When you’re organising an in-person meeting, you probably know that space matters – a lot. People think and behave differently in different kinds of spaces, so you choose carefully. Bright spaces with high ceilings for “blue sky” thinking; rows of theatre-style seating for information downloads; smallish stand-up spaces in front of a whiteboard for planning the work.
How does this apply when you’re organising a meeting for remote participants? My guess is that you’ve never thought about it.
But it does apply. People refer to their internet experiences in terms of space. The “internet experience is like a physical space” metaphor is so solidly embedded that we’ve stopped noticing that it’s a metaphor.
To test this out, try writing a sentence or two about shared online experience without using a spatial metaphor. You “meet” in an “online space” such as a “room”, a video call brings you “together”, you “send” emails… I’ve just gone back through the last few lines aiming to take out the spatial metaphors that I’d used inadvertently. “Online”. “Remote”. “Meetings”. It’s really, really hard!
This effect happens because human beings are fundamentally embodied creatures, evolved to live in a physical (spatial) world. And we also evolved to think in metaphor, at a very fundamental level. Metaphor is the native language of the unconscious mind, the stuff of thought.
And so a new idea, such as the internet, can only come to life through metaphor.
Given that people do think about the internet in spatial terms, there’s an important implication for meeting organisers – and their employers.
If you moved to a new office, how would you spec the meeting rooms? If you’re in a creative, collaborative business such as software development, you’d probably make sure there would be lots of them. They’d be clean and inviting. They’d have lots of light, shiny whiteboard walls, flip charts and post-its galore. The furniture would be configurable for different kinds of conversations.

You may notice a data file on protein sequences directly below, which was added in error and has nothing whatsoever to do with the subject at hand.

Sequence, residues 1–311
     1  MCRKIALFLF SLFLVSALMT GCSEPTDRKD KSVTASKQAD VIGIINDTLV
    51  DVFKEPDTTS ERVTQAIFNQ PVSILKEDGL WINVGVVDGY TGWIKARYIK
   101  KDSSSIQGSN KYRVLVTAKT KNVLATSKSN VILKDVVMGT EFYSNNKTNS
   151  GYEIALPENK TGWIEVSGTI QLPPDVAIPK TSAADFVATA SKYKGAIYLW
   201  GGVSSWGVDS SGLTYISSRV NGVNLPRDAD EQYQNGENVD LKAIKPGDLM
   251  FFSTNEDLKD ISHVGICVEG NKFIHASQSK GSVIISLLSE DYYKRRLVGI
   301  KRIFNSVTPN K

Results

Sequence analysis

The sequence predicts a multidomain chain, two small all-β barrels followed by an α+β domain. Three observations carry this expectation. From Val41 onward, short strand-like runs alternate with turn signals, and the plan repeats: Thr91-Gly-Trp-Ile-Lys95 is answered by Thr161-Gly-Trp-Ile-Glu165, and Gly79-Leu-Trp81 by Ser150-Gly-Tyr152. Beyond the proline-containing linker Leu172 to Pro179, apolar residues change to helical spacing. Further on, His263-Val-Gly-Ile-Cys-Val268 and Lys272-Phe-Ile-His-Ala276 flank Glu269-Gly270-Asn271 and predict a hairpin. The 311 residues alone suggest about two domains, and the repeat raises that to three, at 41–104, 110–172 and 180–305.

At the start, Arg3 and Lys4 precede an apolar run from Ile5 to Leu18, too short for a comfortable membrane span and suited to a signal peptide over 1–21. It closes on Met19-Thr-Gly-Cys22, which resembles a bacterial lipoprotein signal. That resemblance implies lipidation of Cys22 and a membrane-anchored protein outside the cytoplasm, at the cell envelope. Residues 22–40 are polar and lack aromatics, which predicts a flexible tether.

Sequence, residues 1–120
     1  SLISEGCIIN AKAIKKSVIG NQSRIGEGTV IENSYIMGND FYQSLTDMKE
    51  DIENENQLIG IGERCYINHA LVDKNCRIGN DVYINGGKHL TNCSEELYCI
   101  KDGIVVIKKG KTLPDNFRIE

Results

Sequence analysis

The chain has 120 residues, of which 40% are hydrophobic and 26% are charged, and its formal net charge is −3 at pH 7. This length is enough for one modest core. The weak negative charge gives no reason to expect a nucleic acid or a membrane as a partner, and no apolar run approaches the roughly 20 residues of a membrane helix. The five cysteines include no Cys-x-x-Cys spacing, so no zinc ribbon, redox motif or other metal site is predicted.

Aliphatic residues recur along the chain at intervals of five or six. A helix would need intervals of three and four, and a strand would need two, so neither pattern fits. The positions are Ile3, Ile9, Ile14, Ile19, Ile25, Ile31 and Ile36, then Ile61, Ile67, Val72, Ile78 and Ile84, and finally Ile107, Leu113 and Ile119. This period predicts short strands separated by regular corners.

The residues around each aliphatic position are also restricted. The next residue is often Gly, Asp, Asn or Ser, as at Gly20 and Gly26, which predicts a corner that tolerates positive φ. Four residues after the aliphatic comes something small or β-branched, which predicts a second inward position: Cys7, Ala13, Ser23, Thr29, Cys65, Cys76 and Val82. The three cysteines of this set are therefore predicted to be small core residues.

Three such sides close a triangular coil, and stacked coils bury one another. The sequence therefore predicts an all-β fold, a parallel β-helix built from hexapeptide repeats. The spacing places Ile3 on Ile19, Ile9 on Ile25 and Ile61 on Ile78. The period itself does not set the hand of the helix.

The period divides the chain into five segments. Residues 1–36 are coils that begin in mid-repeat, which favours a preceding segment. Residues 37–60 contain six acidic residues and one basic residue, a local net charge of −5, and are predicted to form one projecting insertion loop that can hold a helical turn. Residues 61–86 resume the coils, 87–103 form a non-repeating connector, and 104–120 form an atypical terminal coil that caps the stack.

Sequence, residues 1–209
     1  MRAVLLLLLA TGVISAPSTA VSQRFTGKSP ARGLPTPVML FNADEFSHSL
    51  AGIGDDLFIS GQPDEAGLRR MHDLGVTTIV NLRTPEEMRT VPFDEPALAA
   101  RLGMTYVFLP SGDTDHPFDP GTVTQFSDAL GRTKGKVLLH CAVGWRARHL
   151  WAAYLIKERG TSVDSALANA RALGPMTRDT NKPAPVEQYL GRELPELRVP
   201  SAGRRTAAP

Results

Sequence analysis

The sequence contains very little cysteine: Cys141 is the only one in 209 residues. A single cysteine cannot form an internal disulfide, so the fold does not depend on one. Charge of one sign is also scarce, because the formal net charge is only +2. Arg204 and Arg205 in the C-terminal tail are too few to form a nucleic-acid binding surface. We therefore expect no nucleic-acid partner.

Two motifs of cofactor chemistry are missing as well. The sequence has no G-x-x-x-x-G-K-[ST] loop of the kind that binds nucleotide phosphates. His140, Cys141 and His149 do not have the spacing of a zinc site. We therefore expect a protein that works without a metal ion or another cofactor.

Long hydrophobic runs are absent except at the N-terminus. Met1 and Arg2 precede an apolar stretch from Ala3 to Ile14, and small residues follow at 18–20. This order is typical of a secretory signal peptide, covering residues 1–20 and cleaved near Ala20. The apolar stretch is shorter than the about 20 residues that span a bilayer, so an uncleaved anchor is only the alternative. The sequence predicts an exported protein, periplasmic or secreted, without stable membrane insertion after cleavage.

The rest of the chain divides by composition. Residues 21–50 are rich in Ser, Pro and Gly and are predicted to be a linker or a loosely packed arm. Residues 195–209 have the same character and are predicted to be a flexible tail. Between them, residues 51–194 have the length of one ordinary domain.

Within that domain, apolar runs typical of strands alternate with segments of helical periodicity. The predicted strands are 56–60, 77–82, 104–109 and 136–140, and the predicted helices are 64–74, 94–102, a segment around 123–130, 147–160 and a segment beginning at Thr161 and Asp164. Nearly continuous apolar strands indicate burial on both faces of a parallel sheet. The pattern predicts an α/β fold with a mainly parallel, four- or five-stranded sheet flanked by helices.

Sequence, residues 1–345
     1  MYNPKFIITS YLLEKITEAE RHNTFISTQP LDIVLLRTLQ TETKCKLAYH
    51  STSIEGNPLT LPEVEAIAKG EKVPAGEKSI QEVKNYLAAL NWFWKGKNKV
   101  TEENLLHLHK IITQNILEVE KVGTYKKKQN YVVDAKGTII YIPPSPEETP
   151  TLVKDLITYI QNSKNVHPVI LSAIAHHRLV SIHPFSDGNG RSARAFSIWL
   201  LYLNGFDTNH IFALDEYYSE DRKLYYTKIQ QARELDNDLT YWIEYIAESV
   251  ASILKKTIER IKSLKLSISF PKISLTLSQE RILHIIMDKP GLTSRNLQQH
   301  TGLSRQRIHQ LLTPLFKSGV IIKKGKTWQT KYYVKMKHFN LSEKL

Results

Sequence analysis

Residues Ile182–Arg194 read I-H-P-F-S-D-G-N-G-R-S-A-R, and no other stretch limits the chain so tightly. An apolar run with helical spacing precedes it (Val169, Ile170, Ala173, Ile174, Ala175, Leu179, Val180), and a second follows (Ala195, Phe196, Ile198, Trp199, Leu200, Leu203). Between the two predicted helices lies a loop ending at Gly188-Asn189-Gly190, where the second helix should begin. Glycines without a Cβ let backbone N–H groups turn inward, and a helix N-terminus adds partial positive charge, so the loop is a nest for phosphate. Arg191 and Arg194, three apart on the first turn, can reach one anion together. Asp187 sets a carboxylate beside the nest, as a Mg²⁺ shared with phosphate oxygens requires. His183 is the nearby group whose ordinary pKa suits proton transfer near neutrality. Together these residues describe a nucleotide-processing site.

And your online space? In too many organisations, it’s as if the meeting rooms are designed to be as uncomfortable as possible.
In many companies, the rigid, one-size online meeting environment feels something like a train carriage. Only the four people at your table can be seen and heard, but you’re expecting the rest of the carriage to be part of the meeting, to contribute and to stay engaged.
If people want to speak, they have to wave a hand above their head and hope that you spot them, or just shout! Notes are shaky. Any documents blow about and get lost.
And that’s before we even mention the background noise! People dial in from open offices with interruptions galore, or literally from public transport with all its bings and bongs.
It really doesn’t have to be like that!
And great online meeting spaces don’t have to be expensive. But they do need to be thought about, specced and designed to deliver the results you actually want. Of which, more in a future post…
- What kind of online spaces have you designed? And what effect has that had? Please comment below.